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OP70 Measuring the effect of a community respiratory service on chronic obstructive pulmonary disease (COPD) emergency admissions to hospital: a controlled interrupted time series analysis
  1. KA Levin1,
  2. M Milligan2,
  3. E Crighton1,
  4. D Anderson3
  1. 1Public Health Directorate, NHS GGC, Glasgow, UK
  2. 2Community Respiratory Team, NHS GGC, Glasgow, UK
  3. 3Emergency Care and Medical Services, NHS GGC, Glasgow, UK


Background A community respiratory service was implemented in the North West of Glasgow in January 2013, as part of the Reshaping Care for Older People Programme (RCOPP). The service comprises a team of physiotherapists, occupational therapists and support workers to work with older COPD patients, providing education and self-management advice, and, where appropriate, treatment at home, in order to reduce the risk of hospital admission. This study aimed to measure the impact of the service on emergency admissions (EAs) to hospital due to COPD.

Methods COPD EAs were defined as emergency admissions to hospital with a primary diagnosis of COPD. Rate of COPD EAs per 1000 population aged 65 years+ in Glasgow City was compared before and after onset of the service with a 10 month phase-in period, using segmented linear regression with 21-month (April 2011- December 2012) pre- and 17-month (November 2013-March 2015) post- intervention periods. Rate of COPD EAs for residents of South and North East Glasgow (S+NE) - areas within Glasgow City, but with no such service in place - were used as a comparison group. The model adjusted for the rate of all-cause emergency admissions in order to control for the effect of other initiatives set up during the RCOPP. Autoregressive and moving average terms were included in the model, as well as a fourier term to adjust for seasonality.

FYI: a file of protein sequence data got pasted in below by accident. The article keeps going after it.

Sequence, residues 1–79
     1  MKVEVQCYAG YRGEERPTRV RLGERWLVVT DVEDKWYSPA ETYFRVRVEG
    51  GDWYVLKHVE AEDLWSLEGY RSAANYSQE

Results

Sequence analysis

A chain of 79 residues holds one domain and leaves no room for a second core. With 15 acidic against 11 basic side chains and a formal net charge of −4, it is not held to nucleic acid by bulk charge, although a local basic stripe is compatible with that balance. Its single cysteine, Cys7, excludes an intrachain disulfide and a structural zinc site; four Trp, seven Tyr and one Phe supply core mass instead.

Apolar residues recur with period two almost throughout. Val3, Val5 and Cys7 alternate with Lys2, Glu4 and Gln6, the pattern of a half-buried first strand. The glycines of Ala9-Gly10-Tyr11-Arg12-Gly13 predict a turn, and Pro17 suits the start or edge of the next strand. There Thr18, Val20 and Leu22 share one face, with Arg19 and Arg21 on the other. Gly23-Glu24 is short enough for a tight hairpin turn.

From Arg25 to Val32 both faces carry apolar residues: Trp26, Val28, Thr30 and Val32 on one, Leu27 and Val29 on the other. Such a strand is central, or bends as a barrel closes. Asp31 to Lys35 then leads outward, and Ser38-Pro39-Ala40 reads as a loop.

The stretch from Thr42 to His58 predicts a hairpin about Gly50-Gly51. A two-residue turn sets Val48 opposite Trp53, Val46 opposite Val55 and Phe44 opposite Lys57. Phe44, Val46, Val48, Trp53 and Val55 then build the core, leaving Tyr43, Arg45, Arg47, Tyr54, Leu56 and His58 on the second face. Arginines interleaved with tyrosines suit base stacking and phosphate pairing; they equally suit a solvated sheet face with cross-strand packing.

Results Comparing April-July 2011 and April-July 2012, rate of COPD EAs increased in NW but remained approximately the same in S+NE. Rates reduced in both areas by 2014. By comparison, all-cause EAs rose in NW before 2013, followed by a reduction thereafter while in S+NE reductions were seen in each consecutive year. Adjusting for all cause EAs and changes in S+NE, and therefore factoring out the impact of other RCOPP initiatives, the impact of the service was found to be a level change of -0.28 (-0.32, -0.24) and a trend change of -0.02 (-0.02, -0.01) COPD EAs per 1000 per month. This is equivalent to a predicted reduction due to the service of -0.57 COPD EAs per 1000 popn per month, in March 2015, and a relative reduction of 24.7%. Rate of COPD EAs per month reduced over time after the introduction of the service (from the point of full staffing).

Conclusion After factoring out the impact of other possible RCOPP initiatives, the community respiratory service was associated with a significant reduction in the rate of COPD EAs.

  • health services research
  • COPD
  • chronic conditions

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